If I thought mum was the word on getting your period growing up, menopause seems to be an even more mysterious, hush-hush subject that no one fully understands. And yet, menopause and the sex life that exists after it are featured prominently on “Grace and Frankie” as natural, if sometimes frustrating, parts of life. Beyond confronting taboo topics, plot lines for older characters also offer an opportunity for greater emotional depth. Grace and Frankie deal with the death of close friends, workplace ageism and feeling infantilized by well-meaning but misguided family members. The film “Philomena,” which stars eighty-two-year-old Judi Dench, focuses on lifelong regret over a forced adoption and, in the process, brings a new lens to family and religious issues not possible if told by a younger character. Seeing these storylines play out in fiction made me look at the real older people in my life with more empathy and curiosity about the issues they face day-to-day.

3. They promote healthy beauty standards for aging women.

In a culture obsessed with youth, media that focuses on the beauty of older stars is rare and precious. At seventy-eight and seventy-nine, Tomlin and Fonda don all kinds of outfits, from stylish pantsuits to clogs and shawls, and look badass doing it. Neither seems to have gone crazy with Botox or plastic surgery, allowing their true aging beauty to shine through. Beyond looks, when older actresses are given substantial, complex parts to play, we begin to view age itself differently. Instead of a negative to prevent, it becomes a badge of honor, something to respect and look forward to. My favorite professor always tells me that things have only gotten better since she’s aged, and I wholeheartedly believe her.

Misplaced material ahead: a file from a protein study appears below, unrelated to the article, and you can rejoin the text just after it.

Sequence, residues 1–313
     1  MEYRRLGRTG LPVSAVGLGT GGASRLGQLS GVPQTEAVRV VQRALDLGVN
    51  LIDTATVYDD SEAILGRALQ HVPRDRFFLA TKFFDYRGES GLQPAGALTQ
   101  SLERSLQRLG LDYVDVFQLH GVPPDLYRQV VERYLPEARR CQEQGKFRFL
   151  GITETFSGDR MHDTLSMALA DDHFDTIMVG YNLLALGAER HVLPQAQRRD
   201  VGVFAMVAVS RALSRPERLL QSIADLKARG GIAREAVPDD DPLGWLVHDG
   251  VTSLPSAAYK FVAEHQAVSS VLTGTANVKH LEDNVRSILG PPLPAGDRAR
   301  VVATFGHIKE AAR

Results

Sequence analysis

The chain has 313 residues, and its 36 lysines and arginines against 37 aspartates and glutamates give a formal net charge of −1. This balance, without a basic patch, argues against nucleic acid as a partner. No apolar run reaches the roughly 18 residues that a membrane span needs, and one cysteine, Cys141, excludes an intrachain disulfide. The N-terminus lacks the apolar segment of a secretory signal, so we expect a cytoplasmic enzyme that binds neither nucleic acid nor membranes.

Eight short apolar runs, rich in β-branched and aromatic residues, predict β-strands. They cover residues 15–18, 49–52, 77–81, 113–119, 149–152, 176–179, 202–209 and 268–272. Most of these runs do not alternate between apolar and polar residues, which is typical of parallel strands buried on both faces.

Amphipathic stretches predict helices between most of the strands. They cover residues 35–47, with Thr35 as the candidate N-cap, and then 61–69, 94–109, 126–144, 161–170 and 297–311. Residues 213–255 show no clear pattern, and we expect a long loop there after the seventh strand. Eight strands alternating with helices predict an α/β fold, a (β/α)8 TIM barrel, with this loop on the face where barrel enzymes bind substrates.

4. They promote age and gender diversity in all areas of production.

I recently discovered Jane Fonda’s personal blog, a fun trip in and of itself, but one post in particular caught my attention. A picture, whose focus was Fonda and her dog, also featured an older woman working as a boom operator on the set of the show. In the caption, Fonda said, “Women never handled sound booms back in the day, so it’s a special treat to have Laura [the boom operator] and other women in jobs formerly done by men.” She goes on to say that about half of the show’s directors are women. In this way, featuring more stories led by older actresses becomes an endless positive feedback loop. If older women are writing, producing and directing more stories, they will be more likely to hire their peers in all areas of production. Though I’m only twenty, I can’t imagine only having twenty good years of work before job opportunities start to taper off. Supporting shows like “Grace and Frankie” helps fight against workplace ageism, and hopefully puts some good karma out in the world for your own budding career!

Watching shows about anyone leading a life different from our own cultivates understanding, curiosity and respect. While old age may not seem like the first place you’d choose to escape to, you might be surprised at how funny, emotional and interesting a journey with older characters can be. So on your next Netflix binge, humor me and sit back with your new favorite “old lady” TV show or movie. Your mind and your future self will thank you.

Writer Profile

Carli Scalf

Ball State University
English & Journalism